The article abolished by the court dated back to Kuwait’s 1962 passport law which required a husband’s signature on a woman’s passport application.
Aseel al-Awadhi, one of the new MPs, welcomed the passport law ruling as a “victory for constitutional principles that puts an end to this injustice against Kuwaiti women”.
Women’s political rights have really improved in Kuwait over the past few years. Women were granted voting rights in 2005, and first voted and ran for office in 2006. This year, the first female members of parliament were elected. And this month, two of the four women MPs, Rula Dashti and Aseel Al-Awadhi, announced they would not wear the hijab in parliament. When a fatwa issued shortly after their announcement, the Dashti tabled an amendment to repeal a rider to the 2005 law that says women must follow sharia law. But that doesn’t mean she’s given up.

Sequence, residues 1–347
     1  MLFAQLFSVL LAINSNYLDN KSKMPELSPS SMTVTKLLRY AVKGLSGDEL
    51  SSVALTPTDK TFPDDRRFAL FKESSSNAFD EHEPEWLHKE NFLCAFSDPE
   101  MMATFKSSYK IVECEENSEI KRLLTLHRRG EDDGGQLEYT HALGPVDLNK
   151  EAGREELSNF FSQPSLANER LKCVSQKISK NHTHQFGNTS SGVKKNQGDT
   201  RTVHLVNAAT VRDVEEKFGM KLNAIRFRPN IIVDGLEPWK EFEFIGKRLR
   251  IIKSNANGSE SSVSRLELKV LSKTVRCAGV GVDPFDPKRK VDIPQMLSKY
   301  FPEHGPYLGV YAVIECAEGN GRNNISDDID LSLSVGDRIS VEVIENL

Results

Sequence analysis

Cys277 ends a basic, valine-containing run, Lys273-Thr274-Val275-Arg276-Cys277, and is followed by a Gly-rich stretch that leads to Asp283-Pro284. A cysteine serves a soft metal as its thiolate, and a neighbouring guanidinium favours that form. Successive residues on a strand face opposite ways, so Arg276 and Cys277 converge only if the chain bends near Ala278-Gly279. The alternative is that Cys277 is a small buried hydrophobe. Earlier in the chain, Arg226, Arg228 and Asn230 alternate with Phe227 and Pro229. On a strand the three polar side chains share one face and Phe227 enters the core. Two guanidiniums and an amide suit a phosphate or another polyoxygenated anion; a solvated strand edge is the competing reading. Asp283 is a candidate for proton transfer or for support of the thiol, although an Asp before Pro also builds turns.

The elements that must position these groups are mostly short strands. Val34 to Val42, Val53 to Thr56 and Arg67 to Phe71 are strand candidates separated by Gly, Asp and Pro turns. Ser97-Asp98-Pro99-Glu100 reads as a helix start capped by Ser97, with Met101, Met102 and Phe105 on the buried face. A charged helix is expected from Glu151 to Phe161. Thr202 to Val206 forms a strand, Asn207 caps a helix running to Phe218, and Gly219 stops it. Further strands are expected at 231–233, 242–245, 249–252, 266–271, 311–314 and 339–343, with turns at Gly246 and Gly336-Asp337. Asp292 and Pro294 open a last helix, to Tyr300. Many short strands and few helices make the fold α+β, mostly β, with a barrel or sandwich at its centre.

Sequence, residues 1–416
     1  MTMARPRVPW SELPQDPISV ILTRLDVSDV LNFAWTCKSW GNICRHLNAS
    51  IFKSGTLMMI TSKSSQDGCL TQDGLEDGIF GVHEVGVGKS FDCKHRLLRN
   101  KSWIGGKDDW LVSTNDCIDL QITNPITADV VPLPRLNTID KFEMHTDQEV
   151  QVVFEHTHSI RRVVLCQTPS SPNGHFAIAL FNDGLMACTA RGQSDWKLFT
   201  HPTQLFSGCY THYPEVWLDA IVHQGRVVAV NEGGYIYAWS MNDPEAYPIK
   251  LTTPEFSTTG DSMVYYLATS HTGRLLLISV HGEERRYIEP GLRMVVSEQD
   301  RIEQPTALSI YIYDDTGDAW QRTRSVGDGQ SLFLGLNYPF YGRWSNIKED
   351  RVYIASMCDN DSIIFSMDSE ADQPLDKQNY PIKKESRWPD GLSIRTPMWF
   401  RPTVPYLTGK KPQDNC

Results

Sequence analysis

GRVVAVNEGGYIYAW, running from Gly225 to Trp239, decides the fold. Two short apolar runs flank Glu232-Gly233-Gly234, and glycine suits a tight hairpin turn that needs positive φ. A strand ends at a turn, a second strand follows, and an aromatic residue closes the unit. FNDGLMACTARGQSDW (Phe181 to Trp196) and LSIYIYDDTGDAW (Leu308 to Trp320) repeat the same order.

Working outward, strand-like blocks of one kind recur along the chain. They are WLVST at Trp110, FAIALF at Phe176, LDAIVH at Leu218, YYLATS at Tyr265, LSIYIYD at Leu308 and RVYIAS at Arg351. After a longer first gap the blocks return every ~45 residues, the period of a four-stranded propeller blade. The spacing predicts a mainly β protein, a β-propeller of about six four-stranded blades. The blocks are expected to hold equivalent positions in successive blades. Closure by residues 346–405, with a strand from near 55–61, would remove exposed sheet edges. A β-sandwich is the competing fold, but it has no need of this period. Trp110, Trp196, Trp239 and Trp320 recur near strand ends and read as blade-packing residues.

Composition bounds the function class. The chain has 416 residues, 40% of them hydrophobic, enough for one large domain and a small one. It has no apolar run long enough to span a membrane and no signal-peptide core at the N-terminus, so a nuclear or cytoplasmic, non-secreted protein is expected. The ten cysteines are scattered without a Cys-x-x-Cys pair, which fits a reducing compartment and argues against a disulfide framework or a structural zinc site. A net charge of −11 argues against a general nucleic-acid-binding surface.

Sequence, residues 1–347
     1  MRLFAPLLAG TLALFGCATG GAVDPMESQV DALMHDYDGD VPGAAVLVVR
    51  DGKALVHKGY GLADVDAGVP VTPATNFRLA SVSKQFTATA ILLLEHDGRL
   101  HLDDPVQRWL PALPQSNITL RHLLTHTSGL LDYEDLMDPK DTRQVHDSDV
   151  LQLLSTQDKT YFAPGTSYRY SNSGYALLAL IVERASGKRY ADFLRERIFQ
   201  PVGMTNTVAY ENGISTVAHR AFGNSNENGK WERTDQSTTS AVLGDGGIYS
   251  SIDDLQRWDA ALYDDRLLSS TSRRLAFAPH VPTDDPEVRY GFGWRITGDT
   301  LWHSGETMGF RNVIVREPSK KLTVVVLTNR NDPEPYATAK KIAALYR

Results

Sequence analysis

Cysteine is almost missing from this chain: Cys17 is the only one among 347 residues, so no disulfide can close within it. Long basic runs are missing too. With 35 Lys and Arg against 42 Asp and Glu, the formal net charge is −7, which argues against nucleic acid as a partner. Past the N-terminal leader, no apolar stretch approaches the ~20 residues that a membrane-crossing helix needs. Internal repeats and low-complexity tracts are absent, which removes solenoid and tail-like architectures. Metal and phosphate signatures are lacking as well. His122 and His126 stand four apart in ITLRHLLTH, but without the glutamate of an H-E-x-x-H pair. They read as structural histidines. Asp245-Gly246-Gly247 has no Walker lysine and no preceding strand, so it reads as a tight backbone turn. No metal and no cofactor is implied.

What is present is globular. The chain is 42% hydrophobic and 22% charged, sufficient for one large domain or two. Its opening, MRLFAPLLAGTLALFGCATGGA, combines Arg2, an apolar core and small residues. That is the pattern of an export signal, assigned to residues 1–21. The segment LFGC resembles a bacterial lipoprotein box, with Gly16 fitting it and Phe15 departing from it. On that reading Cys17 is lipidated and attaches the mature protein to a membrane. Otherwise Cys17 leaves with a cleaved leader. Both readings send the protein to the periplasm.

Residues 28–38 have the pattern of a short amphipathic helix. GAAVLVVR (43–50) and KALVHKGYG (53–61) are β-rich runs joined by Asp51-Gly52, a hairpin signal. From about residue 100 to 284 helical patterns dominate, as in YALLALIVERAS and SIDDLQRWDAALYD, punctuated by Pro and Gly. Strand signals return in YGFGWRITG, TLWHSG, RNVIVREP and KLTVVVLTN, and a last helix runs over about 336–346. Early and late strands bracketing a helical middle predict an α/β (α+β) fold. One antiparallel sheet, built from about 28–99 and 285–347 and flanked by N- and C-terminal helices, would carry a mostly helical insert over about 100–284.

[Dr Dashti] said Kuwait’s constitution stipulated freedom of choice and equality between the sexes and did not incorporate sharia.
a group of people who know they cannot Islamise the constitution so
they try to Islamise every issue when it comes up,” she said. “I’m
going to examine anything that violates the constitution, taking it law
Bad ass. The new passport rights are a step in the right direction. And make no mistake, this would not have happened without the activism of Kuwaiti women like Dashti and Al-Awadhi.